So, it all is just running in a kind of an endless loop, linearly, in one thread.

Thanks for your reply. But going deeper with the topic. Is it easy (how to do that :slight_smile: ) to make such independent running/thread/process without using the Timer? For example to make two things parallel, but both of them very fast, fast as possible, so even faster than every one millisecond which I can get with startTimer(1);

I think at your skill level it’s clearly best to stay away from attempting anything like that. It’s complicated enough to understand how a basic audio application with the GUI and the audio thread works and should be implemented. (Many experienced programmers struggle with that already. Adding even more parallelism just makes things even more worse and difficult.)

Why? :slight_smile: but sometimes such option could be very handy.

The saying goes : “I had 1 problem. I tried solving that with an additional thread of execution. I now have 2 problems.”

Yes, you are right, of course you solved my problem with Label.setText with updating data from getNextAudioBlock.
Now I am just asking for satisfy my curiosity :slight_smile:

This is technically right. But you can’t influence that a thread runs on a certain core, you just need your code to be robust against any situation, as it’s not unlikely that your audio processing and gui processing will happen on a different core. And even if it runs on the same core, your OS might even decide to interleave execution of your parallel processes on your cores, so that execution seems parallel. This is how you are actually able to run 10 applications (and much more) in parallel on a dual core cpu!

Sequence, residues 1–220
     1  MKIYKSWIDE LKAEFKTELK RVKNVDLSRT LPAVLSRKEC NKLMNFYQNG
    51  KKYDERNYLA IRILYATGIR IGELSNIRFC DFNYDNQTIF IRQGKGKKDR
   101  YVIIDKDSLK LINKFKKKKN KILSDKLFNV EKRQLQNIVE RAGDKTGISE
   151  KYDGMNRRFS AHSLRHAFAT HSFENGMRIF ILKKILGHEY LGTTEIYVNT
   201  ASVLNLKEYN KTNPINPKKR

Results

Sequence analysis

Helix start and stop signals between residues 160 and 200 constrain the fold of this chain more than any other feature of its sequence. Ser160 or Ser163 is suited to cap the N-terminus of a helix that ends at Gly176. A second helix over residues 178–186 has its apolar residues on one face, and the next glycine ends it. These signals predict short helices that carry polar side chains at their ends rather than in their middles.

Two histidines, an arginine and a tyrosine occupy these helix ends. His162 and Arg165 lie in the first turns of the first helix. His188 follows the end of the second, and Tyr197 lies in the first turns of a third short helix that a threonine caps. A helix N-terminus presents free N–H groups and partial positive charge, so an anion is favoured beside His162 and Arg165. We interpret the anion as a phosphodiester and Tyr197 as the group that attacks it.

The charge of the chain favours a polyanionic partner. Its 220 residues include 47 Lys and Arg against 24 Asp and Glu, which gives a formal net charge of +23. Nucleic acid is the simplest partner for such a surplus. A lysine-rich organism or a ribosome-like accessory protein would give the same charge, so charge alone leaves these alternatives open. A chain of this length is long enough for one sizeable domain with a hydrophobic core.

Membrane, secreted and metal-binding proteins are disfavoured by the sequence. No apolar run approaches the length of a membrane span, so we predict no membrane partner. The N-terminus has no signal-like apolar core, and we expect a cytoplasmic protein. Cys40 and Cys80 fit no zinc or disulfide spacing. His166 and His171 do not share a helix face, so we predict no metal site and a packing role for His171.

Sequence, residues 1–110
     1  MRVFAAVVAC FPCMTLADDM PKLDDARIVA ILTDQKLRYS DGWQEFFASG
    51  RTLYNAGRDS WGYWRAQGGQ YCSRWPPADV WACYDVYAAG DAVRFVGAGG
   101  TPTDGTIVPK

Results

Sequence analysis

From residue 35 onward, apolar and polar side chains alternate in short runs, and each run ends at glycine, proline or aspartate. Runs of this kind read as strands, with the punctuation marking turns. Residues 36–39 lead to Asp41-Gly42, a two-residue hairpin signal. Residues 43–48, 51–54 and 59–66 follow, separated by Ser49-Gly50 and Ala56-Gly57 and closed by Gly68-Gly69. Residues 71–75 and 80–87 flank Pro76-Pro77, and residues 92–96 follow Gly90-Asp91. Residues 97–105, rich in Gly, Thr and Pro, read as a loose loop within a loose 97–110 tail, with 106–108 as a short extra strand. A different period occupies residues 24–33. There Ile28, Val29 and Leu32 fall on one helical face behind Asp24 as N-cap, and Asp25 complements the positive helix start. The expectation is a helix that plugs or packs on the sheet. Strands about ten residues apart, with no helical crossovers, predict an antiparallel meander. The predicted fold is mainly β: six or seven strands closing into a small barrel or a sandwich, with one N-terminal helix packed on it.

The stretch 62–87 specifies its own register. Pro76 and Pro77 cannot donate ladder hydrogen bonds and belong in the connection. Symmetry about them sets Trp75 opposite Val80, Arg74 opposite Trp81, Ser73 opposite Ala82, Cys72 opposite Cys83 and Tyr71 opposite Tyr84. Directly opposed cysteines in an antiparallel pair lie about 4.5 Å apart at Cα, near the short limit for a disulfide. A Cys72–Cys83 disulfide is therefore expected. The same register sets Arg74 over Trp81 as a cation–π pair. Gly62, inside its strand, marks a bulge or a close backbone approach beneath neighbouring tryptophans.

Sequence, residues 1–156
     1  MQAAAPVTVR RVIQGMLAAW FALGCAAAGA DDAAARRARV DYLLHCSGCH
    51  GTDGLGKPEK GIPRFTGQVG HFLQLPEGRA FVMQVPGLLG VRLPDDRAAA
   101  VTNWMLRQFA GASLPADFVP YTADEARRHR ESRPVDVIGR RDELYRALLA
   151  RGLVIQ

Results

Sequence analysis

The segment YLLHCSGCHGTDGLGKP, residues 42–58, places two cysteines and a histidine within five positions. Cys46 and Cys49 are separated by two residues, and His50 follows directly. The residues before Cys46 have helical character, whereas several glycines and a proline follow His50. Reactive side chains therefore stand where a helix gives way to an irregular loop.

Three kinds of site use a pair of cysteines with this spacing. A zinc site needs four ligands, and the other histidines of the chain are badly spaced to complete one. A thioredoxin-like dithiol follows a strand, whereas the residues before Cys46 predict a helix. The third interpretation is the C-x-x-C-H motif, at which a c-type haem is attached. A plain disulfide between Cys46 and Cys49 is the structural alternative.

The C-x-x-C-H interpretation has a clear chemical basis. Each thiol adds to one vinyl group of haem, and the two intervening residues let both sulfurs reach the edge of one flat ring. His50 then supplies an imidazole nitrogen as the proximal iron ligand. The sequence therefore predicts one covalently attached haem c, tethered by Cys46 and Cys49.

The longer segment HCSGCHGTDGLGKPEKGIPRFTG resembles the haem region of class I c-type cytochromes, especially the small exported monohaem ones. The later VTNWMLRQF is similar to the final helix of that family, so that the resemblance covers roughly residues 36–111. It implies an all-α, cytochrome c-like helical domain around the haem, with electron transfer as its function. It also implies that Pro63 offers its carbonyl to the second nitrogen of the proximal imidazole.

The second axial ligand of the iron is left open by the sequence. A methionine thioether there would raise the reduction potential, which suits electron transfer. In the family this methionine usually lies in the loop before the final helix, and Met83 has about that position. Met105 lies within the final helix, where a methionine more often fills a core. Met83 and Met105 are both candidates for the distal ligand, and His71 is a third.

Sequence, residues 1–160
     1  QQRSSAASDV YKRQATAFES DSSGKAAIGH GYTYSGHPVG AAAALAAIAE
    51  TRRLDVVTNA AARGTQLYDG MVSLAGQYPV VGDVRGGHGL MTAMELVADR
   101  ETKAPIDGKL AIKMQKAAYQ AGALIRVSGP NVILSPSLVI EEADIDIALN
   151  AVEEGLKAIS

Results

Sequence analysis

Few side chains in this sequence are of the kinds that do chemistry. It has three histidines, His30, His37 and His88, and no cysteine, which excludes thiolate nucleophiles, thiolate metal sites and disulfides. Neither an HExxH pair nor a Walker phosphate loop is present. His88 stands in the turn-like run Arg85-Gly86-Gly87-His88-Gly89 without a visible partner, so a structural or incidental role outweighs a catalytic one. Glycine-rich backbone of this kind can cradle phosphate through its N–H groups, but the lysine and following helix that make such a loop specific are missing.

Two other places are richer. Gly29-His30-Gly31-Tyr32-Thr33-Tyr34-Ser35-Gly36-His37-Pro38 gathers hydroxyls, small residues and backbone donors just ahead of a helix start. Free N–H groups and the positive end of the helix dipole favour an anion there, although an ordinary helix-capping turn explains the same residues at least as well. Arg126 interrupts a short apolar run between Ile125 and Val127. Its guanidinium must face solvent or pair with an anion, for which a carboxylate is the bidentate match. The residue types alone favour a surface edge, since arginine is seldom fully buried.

As @PluginPenguin pointed out, the cores don’t matter. Just to give you an additional hint:
The threads are an abstraction layer of physical cores AND timeslices. When we had single core machines, we still had threads “parallel” running (the term might be justified, since for all other threads the time was frozen). One thread would run for a while and later be put aside (with all registers and cache, which is one piece of the overhead you get for parallelising).

The other problem you have, the audio stream is one entity to produce, so even if several threads would contribute, you rely on the slowest to finish before you can deliver the audio signal to the driver. So most of your threads are waiting for each other.

Last but not least, most of the time, your software is not the only thing running. Especially in a DAW, you have many plugins on several tracks and software instruments. The host is already parallelising these, and it can do it much better by using one thread per track and mixing in one “master” thread, that is triggered by the audio hardware.

About threads in JUCE:
Every application has at least one thread, in console applications it is just the execution of the int main(int, char**), in GUI applications it is the MessageThread, that is run by the OS. Here you get messages, that are handled one after each other. A Timer is simply telling the OS “call me in n msecs”. If the OS is busy, this might arrive a little later. But it is still the message thread, that executes it.

Every audio application has automatically a second thread, that is run by the audio hardware. It is started either by adding an AudioIODeviceCallback to an AudioIODevice, or because we allowed a host to load us, so the host will call as audio thread our processBlock() method.

The challenge is not to use the most patterns and techniques, but to achieve your goal with minimum effort (for you and the CPU).

(Sorry, got a little longer)


Great thanks for explanation.
It’s thread about Label.setText with data updated from getNextAudioBlock. So I would like to move it to other threat.